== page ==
Dave Winer, the godfather of blogging, blogged last week:

I’m really confused about what’s up with archive.org. As I reported on Tuesday, they clearly aren’t archiving this blog in any meaningful way. I write this blog with history in mind. I put things here and on the linkblog because I want to be sure historians in the future will find at least one link to this stuff. If archive.org isn’t backing it up, that’s a big problem. And it raises an even bigger question — what else aren’t they archiving? And how do they decide what to archive and not to archive? Do they run the JavaScript on a page to get a rendering? If not, there’s a huge amount of our knowledge that isn’t being recorded. Are they trying to be neutral or do their friends and people who donate get preferential treatment?

Winer’s blog, Scripting, is one of the longest published blogs. His blog, and his thinking on citizen journalism, got me thinking of blogs for lawyers, almost twenty years ago.

What’s Archive.org (a/k/a The Wayback Machine)? From Wikipedia:

The Wayback Machine is a digital archive of the World Wide Web. It was founded by the Internet Archive, a nonprofit library based in San Francisco, California. Created in 1996 and launched to the public in 2001, it allows the user to go “back in time” and see how websites looked in the past. Its founders, Brewster Kahle and Bruce Gilliat, developed the Wayback Machine with the intention of providing “universal access to all knowledge” by preserving archived copies of defunct webpages.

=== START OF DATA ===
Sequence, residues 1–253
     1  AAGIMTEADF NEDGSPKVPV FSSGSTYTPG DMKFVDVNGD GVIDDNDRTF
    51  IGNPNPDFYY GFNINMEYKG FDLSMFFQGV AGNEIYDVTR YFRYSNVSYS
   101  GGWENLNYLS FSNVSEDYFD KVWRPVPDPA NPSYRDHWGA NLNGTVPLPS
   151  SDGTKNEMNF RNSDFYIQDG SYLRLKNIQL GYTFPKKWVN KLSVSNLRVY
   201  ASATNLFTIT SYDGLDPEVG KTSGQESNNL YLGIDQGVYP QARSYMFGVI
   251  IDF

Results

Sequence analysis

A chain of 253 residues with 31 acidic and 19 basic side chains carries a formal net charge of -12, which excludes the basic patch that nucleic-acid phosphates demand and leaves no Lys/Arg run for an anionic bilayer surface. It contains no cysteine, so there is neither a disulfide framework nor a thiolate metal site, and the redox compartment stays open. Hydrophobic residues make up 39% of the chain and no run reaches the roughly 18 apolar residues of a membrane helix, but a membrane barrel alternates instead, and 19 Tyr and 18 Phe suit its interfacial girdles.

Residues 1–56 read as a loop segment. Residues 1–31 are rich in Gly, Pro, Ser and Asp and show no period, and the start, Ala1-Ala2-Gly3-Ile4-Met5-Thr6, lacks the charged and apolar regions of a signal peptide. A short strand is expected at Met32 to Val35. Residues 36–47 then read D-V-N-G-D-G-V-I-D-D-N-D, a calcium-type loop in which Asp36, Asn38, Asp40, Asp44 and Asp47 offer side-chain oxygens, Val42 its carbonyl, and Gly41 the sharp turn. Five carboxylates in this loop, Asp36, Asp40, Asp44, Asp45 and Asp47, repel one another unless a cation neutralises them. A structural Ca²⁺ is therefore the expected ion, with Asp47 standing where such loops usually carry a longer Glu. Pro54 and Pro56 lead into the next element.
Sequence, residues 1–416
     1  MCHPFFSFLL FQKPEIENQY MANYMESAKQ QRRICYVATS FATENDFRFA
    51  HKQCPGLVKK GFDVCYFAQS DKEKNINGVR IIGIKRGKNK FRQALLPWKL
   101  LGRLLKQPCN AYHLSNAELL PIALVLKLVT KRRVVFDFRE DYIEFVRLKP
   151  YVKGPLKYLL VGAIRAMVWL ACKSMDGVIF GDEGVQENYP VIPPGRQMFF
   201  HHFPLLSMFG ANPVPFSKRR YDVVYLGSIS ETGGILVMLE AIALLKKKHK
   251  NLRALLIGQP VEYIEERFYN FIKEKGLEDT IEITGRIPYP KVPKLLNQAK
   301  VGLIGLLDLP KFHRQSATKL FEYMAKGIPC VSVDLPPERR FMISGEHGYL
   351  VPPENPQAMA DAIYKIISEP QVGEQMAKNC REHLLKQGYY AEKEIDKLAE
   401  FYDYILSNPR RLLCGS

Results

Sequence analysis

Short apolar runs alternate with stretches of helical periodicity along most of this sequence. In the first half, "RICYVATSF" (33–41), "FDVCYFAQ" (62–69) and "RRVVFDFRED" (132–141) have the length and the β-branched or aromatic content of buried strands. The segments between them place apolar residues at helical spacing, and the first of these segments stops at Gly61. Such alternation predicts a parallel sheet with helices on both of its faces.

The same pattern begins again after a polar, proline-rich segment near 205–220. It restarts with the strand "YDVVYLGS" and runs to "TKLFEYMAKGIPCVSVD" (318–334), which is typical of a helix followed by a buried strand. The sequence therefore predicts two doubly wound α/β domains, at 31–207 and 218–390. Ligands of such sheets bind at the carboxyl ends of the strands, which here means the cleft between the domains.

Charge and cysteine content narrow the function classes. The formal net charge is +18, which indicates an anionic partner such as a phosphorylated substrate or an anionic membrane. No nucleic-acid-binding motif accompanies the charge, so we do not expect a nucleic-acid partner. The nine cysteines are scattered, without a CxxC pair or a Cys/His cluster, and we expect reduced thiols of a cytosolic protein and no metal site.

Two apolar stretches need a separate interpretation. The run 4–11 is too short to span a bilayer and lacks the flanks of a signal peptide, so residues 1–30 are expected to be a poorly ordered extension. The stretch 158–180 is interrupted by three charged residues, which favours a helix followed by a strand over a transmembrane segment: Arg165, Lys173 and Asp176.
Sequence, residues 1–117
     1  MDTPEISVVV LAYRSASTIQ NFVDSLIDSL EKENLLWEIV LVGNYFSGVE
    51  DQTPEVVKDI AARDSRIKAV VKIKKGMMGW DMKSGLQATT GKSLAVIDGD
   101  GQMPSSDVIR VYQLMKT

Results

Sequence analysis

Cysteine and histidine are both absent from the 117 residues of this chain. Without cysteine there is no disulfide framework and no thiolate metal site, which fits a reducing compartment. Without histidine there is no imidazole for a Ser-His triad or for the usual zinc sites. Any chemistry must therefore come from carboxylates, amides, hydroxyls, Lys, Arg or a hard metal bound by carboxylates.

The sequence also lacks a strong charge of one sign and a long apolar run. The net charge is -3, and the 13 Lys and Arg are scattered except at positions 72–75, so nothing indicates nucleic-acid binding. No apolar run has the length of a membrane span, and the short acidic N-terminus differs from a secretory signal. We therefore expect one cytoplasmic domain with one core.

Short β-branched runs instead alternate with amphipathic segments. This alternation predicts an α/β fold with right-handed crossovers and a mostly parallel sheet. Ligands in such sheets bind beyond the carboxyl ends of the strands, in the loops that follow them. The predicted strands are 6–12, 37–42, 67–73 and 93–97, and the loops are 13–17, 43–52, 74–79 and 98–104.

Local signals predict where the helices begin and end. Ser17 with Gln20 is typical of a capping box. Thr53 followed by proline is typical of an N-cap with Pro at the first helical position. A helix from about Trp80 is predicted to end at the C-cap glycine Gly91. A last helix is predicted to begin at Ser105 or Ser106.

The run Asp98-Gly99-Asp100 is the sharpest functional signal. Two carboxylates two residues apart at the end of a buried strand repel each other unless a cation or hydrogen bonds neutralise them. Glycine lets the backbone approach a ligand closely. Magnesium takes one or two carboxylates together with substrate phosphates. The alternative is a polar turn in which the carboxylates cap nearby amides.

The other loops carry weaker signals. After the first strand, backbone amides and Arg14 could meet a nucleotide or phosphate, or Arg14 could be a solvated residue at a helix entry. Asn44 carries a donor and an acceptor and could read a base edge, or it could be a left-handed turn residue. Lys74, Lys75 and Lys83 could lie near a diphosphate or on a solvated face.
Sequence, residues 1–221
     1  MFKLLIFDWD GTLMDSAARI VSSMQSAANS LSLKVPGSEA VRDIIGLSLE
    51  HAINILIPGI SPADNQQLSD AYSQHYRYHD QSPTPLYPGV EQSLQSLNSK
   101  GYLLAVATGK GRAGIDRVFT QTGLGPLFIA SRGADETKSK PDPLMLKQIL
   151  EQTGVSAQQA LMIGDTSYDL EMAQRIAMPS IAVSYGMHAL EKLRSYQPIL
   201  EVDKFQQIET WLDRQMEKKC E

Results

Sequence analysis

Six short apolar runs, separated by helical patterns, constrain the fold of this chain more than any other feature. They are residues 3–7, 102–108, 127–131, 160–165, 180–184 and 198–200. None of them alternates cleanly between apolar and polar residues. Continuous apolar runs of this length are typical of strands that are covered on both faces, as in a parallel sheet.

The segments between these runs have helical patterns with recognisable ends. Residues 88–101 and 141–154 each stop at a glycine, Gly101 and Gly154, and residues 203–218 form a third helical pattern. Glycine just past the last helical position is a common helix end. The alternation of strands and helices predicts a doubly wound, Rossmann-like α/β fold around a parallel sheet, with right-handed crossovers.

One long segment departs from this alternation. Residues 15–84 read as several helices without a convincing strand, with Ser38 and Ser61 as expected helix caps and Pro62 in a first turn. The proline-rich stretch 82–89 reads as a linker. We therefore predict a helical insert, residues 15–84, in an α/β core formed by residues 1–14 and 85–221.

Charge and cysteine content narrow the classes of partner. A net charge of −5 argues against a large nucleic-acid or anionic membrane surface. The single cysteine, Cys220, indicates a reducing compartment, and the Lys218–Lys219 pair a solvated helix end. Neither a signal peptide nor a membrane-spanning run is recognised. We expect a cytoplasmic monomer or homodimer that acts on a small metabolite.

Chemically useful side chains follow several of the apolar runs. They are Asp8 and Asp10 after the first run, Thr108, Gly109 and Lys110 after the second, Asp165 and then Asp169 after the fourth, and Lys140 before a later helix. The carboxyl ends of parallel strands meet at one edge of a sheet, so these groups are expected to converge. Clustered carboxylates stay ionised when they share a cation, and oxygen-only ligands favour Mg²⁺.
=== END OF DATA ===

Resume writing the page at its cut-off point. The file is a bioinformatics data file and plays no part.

I’ve enjoyed sharing with friends and colleagues, via Arvive.org, what LexBlog and my previous company looked like on the net, years ago – as well as what my law firm website looked like, twenty-five years ago.

Winer’s viewpoints, tech writing and commentary are important and deserve to be archived for historical sake.

Likewise for credible law blogs, which chart development in the law, develop the law in and of itself and become a tremendous body of law for legal professionals, courts and the public.

But no one, until now, has dedicated themselves to archiving legal blogs. It’s possible. Unlike the general web, there’s a relatively small number of legal blogs, worldwide.

The only thing that limits archiving of law blogs is a willing to share. A willingness to let your law blog(s) be archived.

Ought to be easy as the goal of legal blogs is to be openly seen and shared.

We’ll see. LexBlog is in the process of archiving all legal blogs, without indexing the content vis a vis Google. Free and no work involved as to the bloggers.

So far we’re knocking on the door of larger firms and associations that bring access to a good number of law blogs, all at once.

I am personally involved in our reach outs and discussions, along with our Director of Community Development, Dorothy Coletta.

The only thing that limits all blogs from being archived is a “Yep, I’m in” from the legal bloggers.

I’ll keep you up to date on how we’re doing.